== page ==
I first met E.P. Thompson when I was a student at Warwick University in the turbulent times of 1966–70. His lectures to the first-year history undergraduates were a tour de force, a theatrical performance. He strode through the lecture hall carrying an armful of books from which he quoted at length, while sweeping back his unruly mop of hair. He then proceeded to transform our view of the world of early industrialisation with his descriptions of the moral economy of the crowd, time and work discipline and, most exciting of all, wife selling as a popular form of divorce. He encouraged us to read the novels of Thomas Hardy with a new set of eyes and to value the works of older scholars such as the Hammonds – advice which has stayed with me throughout the years.
I was not taught by Edward after the first year of my undergraduate degree but he was a vital presence on the campus. In this period of student unrest against the Vietnam War and critique of the education system he gave frequent talks about his vision of current left politics – sometimes he was disconcertingly critical of the naivety of students who thought they could resist the power of the state. He also gave fascinating reminiscences of his involvement in communist and left politics and adult education in Yorkshire, which provided the context for Thompson’s study of working-class self activity. What stayed with me most was the inextricable intertwining of family, politics, work and social life at this time and the importance of his friendship with the labour and left activists, Dorothy and Joseph Greenald, to whom Edward dedicated The Making of the English Working Class.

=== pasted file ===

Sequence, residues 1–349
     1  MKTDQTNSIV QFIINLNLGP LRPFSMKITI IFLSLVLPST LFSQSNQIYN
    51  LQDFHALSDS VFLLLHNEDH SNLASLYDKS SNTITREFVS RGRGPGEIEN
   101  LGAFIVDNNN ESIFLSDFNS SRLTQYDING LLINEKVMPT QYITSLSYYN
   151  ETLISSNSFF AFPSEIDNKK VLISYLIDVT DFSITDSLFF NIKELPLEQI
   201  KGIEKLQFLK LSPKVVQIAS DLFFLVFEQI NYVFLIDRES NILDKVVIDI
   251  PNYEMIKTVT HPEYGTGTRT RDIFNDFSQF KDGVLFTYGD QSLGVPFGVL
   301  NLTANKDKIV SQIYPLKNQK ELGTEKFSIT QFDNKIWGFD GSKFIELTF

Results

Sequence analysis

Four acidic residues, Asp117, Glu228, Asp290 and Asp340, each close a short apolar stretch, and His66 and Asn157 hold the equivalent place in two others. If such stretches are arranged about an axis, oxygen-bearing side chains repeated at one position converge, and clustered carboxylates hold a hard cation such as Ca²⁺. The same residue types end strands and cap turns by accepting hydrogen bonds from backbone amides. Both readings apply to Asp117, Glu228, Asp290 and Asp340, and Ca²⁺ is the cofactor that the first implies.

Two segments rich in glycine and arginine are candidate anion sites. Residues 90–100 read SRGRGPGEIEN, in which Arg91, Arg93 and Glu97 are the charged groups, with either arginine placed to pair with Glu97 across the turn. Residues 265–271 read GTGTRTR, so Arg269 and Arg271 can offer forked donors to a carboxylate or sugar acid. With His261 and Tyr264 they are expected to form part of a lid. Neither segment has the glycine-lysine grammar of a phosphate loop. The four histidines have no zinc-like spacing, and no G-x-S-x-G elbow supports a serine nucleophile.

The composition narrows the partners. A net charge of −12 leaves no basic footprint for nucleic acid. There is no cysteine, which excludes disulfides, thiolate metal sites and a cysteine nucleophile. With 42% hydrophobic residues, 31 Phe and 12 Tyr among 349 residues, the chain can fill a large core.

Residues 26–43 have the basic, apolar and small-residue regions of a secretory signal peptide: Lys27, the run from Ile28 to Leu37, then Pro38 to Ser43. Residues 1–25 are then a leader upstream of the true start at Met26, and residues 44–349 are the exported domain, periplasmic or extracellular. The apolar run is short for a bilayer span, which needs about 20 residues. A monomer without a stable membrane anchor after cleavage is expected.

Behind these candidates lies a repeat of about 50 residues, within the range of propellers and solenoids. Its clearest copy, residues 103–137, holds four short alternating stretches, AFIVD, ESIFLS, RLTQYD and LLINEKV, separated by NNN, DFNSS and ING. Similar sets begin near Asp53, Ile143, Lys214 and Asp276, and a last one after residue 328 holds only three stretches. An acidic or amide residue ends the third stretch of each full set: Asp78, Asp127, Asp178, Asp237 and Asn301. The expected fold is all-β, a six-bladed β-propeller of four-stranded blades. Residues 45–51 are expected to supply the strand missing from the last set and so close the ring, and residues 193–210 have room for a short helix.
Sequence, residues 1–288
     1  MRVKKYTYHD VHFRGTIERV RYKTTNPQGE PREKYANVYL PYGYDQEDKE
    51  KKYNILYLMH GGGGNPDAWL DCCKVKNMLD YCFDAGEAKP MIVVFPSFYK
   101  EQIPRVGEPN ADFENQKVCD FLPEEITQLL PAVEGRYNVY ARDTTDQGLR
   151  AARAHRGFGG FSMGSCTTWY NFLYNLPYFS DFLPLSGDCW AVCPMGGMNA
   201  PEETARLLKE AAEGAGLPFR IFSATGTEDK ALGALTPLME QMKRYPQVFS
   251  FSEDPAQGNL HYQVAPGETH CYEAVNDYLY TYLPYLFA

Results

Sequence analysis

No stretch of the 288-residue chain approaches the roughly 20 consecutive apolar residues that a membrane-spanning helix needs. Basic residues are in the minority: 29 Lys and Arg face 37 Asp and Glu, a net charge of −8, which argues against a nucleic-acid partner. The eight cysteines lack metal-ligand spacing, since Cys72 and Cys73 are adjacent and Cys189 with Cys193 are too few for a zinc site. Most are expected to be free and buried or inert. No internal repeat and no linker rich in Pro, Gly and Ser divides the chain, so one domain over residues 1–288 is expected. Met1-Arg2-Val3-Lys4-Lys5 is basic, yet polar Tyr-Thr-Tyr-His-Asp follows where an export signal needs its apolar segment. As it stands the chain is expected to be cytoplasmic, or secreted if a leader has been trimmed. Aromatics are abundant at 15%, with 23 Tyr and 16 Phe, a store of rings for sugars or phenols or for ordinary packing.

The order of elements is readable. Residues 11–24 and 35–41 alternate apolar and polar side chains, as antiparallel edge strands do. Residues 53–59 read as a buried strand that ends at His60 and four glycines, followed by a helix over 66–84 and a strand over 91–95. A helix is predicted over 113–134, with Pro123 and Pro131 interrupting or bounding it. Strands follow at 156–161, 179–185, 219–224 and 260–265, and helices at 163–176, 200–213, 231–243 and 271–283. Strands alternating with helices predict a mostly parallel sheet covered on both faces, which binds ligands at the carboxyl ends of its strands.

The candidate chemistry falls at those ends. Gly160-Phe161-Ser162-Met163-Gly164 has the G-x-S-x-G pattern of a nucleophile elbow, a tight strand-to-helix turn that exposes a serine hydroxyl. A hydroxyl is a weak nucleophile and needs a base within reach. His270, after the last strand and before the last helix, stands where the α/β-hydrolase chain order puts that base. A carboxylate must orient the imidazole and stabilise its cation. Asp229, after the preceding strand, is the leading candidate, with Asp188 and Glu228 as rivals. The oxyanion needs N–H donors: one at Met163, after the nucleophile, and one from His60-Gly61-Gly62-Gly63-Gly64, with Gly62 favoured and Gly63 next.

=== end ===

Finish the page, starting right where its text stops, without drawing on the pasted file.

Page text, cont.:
When The Making was published in paperback I can remember reading the whole book from cover to cover. Who could ever forget first reading the lines “I am seeking to rescue the poor stockinger, the Luddite cropper, the ‘obsolete; handloom weaver…from the enormous condescension of posterity.” [End Page 250] The approach to class as a relationship, bringing together experience and consciousness, the notion that ordinary people were significant historical actors and had complex emotions and ideas, and the importance of looking at history from below struck an immediate chord with me. I was already predisposed to be influenced by such an approach. From a working-class background, and the first person in my family to go to university, I was brought up to be a committed trade unionist and to be critical of inherited wealth and privilege. At Warwick there were numerous socialist societies exploring new ways of thinking about left politics as well as the protest movements encouraging direct action. In this atmosphere it is not surprising that I chose to study further with Thompson and stayed on at Warwick to do the MA in Comparative Labour History.
In that year contemporary politics and labour history were again intertwined. The course attracted students from a variety of disciplines and backgrounds but we all took part in the sit-ins in the registry in protest against the university’s links with business which formed the basis of Thompson’s book, Warwick University Ltd. In this heady atmosphere our debates about labour history had never seemed so relevant to our daily lives. Influenced by the new Women’s Liberation Movement the small number of female students began to question why we only seemed to look at miners and engineers – where were the women? Having read Edward’s article on the Leeds socialist, Tom Maguire, I decided to research the Leeds Tailoresses’ Strike 1889 and, as my supervisor, he gave me his full support and encouragement. Thompson could be fierce when debating points of theory with his contemporaries, but I remember him as a sympathetic, if critical, supervisor who could be sensitive when dealing with a nervous and unconfident postgraduate.
The Making, the biography of William Morris, and Edward Thompson’s work on Leeds socialists – all of which I encountered at a very formative period of my life – inspired me to carry on with history research and affected how I approached my teaching in my first...